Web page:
By John K.S. Aeto, The Kalaimoku Group
Collected every 10 years, the next US Census is set for April 1, 2020. The population of the United States will once again be counted, including demographic, social and economic characteristics. For Native Hawaiians, the 2020 US Census may mark a major historic milestone.
The last census in 2010 counted 527,077 Native Hawaiians living in the United States, with 237,107—nearly half of them—living on the continent, while 289,970 live in Hawaiʻi. It begs the question: Will more Native Hawaiians be counted living outside of Hawaiʻi in the 2020 US Census?
In the 2000 census, citizens could report having more than one race for the first time. This resulted in a huge increase of Native Hawaiians (139.5%) reflected in the census, overall, as compared to 1990 census numbers. It also highlighted the growing trend of Native Hawaiians leaving Hawaiʻi. In fact, the 2010 census showed there were more “Native Hawaiian and Other Pacific Islanders” living in Los Angeles County than in either Maui County (Maui, Molokaʻi and Lānaʻi) or Kauaʻi County (Kauaʻi and Niʻihau).
In a more recent report, another 5,071 Native Hawaiians moved outside of Hawaiʻi between 2013-2017, according to the Hawaiʻi State Department of Business, Economic Development & Tourism. The majority moved to California, Nevada or Utah.
Native Hawaiians are not the only Polynesians moving away from their home islands. In the 2010 census the number of Samoans living on the US continent was nearly four times greater than the number of Samoans living in American Samoa.
Most leave for the same reasons that non-Native Hawaiian residents decide to leave Hawaiʻi: more opportunity, more resources, a lower cost of living and higher salaries.
Two months ago, in a qualitative study, Kamehameha Schools’ Strategy and Innovation Group set out to uncover why Native Hawaiians are leaving. They hope to use the findings to determine if they should implement policy or strategy changes that may help Native Hawaiians choose to stay and thrive in the islands.
“What happens if Hawaiʻi is no longer a place where Native Hawaiians can have a good quality of life and afford to live?” asks Shawn Kanaʻiaupuni, executive strategy consultant for Kamehameha. “I’m hypothesizing that for many Hawaiians the affordability of housing is an issue,” she adds. “For example, lower-middle-class Native Hawaiians who are in the gap group that can’t qualify for federal aid or even college financial aid for their children; they might decide that they have to leave to find a more comfortable life in another place.”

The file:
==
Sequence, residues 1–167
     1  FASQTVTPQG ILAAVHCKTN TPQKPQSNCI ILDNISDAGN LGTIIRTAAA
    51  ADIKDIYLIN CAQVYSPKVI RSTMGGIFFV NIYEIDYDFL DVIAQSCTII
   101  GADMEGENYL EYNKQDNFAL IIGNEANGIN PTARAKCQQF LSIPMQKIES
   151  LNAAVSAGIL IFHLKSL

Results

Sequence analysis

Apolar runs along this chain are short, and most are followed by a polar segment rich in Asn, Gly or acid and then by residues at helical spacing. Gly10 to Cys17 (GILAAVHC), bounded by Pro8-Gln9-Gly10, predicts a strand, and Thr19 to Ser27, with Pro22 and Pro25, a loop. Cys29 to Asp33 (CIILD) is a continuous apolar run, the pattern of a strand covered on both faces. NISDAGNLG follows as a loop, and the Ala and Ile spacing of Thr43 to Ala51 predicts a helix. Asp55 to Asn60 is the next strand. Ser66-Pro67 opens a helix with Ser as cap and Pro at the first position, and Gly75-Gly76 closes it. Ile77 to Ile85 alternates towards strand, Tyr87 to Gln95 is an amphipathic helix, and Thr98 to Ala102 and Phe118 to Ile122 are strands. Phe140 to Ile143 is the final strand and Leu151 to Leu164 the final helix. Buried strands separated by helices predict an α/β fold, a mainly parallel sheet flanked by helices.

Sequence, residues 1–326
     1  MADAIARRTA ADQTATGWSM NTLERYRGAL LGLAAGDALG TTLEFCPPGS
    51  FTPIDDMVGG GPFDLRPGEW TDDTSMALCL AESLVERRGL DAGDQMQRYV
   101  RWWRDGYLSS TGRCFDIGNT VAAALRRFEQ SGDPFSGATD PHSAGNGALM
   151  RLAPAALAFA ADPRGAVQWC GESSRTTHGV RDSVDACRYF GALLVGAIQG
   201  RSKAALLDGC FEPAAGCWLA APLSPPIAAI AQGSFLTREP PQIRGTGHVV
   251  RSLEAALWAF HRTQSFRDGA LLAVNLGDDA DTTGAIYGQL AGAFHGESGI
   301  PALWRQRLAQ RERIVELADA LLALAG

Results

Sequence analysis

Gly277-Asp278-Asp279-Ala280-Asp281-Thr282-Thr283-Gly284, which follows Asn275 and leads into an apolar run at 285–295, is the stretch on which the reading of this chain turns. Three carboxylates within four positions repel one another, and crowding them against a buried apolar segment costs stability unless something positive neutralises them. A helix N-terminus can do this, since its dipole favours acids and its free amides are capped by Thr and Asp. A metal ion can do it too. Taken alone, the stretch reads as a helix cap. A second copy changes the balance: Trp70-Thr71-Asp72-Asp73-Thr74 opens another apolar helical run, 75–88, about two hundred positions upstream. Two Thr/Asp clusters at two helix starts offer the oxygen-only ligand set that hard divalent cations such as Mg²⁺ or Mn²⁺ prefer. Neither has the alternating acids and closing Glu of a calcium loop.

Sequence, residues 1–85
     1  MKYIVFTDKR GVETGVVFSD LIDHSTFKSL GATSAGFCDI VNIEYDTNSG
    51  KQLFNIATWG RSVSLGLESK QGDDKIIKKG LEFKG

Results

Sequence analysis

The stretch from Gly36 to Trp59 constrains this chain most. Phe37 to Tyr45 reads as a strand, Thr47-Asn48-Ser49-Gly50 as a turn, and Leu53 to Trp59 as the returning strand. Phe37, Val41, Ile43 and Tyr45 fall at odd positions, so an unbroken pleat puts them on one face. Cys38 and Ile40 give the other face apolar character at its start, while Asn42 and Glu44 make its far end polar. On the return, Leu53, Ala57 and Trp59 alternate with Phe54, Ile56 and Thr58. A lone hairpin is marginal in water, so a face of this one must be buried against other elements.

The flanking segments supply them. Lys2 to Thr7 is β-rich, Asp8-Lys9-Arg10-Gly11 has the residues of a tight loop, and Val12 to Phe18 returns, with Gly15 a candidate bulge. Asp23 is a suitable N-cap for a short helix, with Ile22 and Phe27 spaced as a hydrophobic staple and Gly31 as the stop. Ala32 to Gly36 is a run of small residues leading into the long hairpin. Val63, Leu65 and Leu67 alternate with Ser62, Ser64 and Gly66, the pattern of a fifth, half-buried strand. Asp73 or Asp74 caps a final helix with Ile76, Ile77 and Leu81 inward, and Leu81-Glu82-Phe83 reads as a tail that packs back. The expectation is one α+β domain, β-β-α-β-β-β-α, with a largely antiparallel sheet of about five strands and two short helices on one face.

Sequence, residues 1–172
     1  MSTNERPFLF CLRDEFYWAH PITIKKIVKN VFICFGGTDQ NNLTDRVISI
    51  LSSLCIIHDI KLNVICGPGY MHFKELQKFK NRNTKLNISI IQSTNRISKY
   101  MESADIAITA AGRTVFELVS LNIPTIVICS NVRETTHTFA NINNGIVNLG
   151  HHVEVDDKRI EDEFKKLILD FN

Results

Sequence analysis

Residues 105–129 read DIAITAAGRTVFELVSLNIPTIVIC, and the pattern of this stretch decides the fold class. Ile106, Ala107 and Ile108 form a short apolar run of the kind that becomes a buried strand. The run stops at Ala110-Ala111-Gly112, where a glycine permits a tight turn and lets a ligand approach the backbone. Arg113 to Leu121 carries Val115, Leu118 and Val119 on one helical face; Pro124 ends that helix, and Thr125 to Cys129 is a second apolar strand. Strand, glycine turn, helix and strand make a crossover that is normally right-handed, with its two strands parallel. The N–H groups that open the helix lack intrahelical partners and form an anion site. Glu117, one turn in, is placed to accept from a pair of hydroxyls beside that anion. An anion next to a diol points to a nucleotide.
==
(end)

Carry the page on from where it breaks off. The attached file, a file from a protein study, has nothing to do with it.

In a way, it’s a new Polynesian migration; only this time it’s to the continental US. Historically, Polynesians migrated to Hawaiʻi in two waves: the first from the Marquesas Islands sometime between 124 and 1120 AD, and then later from Tahiti.
There really is not much difference why Polynesians migrate today as compared to the past. People were looking for more opportunities and better resources on new land they could settle.
Regardless of the reasons early Polynesians decided to migrate, the data is pointing toward 2020 possibly being the year that Native Hawaiians living on the continent outnumber those living in Hawaiʻi.
For Native Hawaiian organizations funded by the government, the results of the 2020 census could potentially open discussions among their leadership about how – or if – their programs should extend to the continent. In the case of Papa Ola Lōkahi, a non-profit responsible for addressing Native Hawaiian health and well-being as outlined by the Native Hawaiian Health Care Improvement Act, assisting the growing population on the continent is something already on their mind.
“What’s going to happen is really a huge question, so being mindful and prepared is really important,” says Sheri-Ann Daniels, executive director of Papa Ola Lōkahi. The federal Act allows the organization to assist with Native Hawaiian health issues, regardless of location, and there are no stipulations regarding how money should be distributed. But it’s an unprecedented scenario. Daniels says she’d be interested in looking at partnerships with other organizations to reach Native Hawaiians on the continent
“If you’ve ever had a chance to talk to many of the Hawaiians living on the continent, they do feel isolated,” she says. “I think that’s something that we’ve got to look at as a community, because I don’t know that everybody agrees. But, at least under my tenure, a Hawaiian is a Hawaiian is a Hawaiian. Geography doesn’t matter.”